Published:

Withdrawal Agreement Bill finally passes third reading

“Boris Johnson’s Brexit deal has passed through the Commons in a historic vote which brought it a step closer to being enshrined in law. MPs on Thursday night voted in favour of the Withdrawal Agreement Bill at its third reading by 330 votes to 231, a majority of 99. It came after three years of Parliamentary wrangling over Brexit, which is now set to happen on Jan 31. The Brexit Bill has now passed to the House of Lords, where peers will debate it next week. A source in the Lords said the Bill is likely to become law on Jan 22. The Prime Minister’s spokesman said the vote was a “significant positive step” to Brexit, adding: “The country did deliver a very clear message that they want Brexit to be resolved.”” – Daily Telegraph

More:

  • UK to ‘keep ban on chlorinated chicken’ – FT
  • Refuse fishing access and risk another ‘cod war’, warns Brussels – Daily Telegraph
  • Barnier ‘sticks to firm line’ in talks – FT
  • Full trade deal will involve delay, insists Von der Leyen – The Sun

Comment:

  • Why Britain needs the Brexit Spartans of the ERG now more than ever – Madeline Grant, Daily Telegraph

>Yesterday:

Ministers 1) Northern rail could run out of money within weeks, warns Shapps

“The operator of the UK’s ailing Northern rail franchise is soon going to run out of money — forcing the government to step in within weeks, the transport secretary said on Thursday. A decision will be made by the end of January whether to strip the franchise from Arriva Rail North or allow it to run a reduced service under a new contract, Grant Shapps said in a written statement. “It has now been confirmed to me from the most recent available financial information that the franchise will only be able to continue for a number of months,” Mr Shapps said. He will either accept Arriva’s plan for reduced services under a new contract or the state will take over as an operator of last resort. Arriva is owned by German state railway Deutsche Bahn.” – FT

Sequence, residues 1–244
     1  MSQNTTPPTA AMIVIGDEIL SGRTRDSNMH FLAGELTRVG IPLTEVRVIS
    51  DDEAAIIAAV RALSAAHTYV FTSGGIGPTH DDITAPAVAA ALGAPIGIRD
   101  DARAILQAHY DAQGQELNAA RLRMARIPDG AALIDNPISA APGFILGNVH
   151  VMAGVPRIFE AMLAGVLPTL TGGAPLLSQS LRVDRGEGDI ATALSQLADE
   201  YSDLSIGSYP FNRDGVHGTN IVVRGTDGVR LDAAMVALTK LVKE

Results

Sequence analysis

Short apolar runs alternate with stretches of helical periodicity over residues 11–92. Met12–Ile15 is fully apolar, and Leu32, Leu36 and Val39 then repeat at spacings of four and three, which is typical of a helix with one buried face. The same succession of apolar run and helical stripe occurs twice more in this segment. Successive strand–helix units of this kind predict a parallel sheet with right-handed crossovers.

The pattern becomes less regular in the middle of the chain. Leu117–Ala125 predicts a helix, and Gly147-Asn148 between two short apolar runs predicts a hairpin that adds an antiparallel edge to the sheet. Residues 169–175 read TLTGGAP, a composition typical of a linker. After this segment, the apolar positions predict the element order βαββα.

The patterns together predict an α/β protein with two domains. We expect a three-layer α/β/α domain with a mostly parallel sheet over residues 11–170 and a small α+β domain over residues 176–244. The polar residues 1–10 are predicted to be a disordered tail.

Ministers 2) Smith says Stormont could be on the brink of returning

“Northern Ireland was on the brink of a deal on Thursday night to restore its government as the DUP signalled it would back a joint proposal tabled by London and Dublin. The British and Irish governments published a deal aimed and restoring the Stormont Executive and have called on Northern Ireland’s political parties to support it. Arlene Foster, the lead of the DUP said, “On balance we believe there is a basis upon which the Assembly and Executive can re-established in a fair and balanced way.” … Julian Smith, the secretary of state for Northern Ireland, has asked the speaker of the Northern Ireland Assembly to convene the parliament on Friday and requested that the parties of the power sharing agreement attend and vote on the joint government proposal.” – Daily Telegraph

  • Draft deal ‘on the table’ – FT

Ministers 3) Raab signals crackdown on human rights abusers

“Britain is preparing to activate a new post-Brexit sanctions regime, with foreign secretary Dominic Raab planning to freeze the assets of Russian citizens and those of other countries deemed responsible for human rights abuses. Mr Raab on Thursday held talks with his Canadian counterpart, François-Philippe Champagne, as he sought to present Britain as part of a new western coalition intent on punishing those accused of murder, torture or inhuman treatment of others. The foreign secretary, a former human rights lawyer, is expected to introduce the new British sanctions regime next month. It would be followed by a specific list of people whose assets in the UK will be frozen.” – FT

  • Johnson backs theory that Iran shot down airliner with Britons aboard… – The Guardian
  • …and tells Iranian President that ‘nuclear deal must stay’ – Daily Telegraph

>Yesterday: Richard Bingley in Comment: A cyber war is on the way

Government to put £71 million into Redcar steelworks

“Millions to transform an old steelworks is the first cash injection to help “level up” Britain. No 10 yesterday revealed that £71million would be spent in Redcar — an ex-Labour seat that is now held by the Tories. The money will help the site, which shut in 2015, turn into a business zone for green energy and tech companies. Treasury minister Rishi Sunak said: “This is our levelling-up agenda in action, as we back Teesside’s exciting ambitions to be a global trading centre with great jobs for world-leading industries.” Tees Valley Mayor Ben Houchen said: “I have always said I would be the first to ask Government for more money when we needed it for the redevelopment of the former Redcar steelworks site. So, after asking, I’m pleased we will be receiving the £71m to help secure the site and accelerate its preparation for private sector investment.”” – The Sun

>Today: ToryDiary: HS2’s financial case gets weaker and weaker – but has its political justification held up any better?

>Yesterday: ToryDiary: Reviving our high streets must mean working with the market

Four through to next round of Labour leadership contest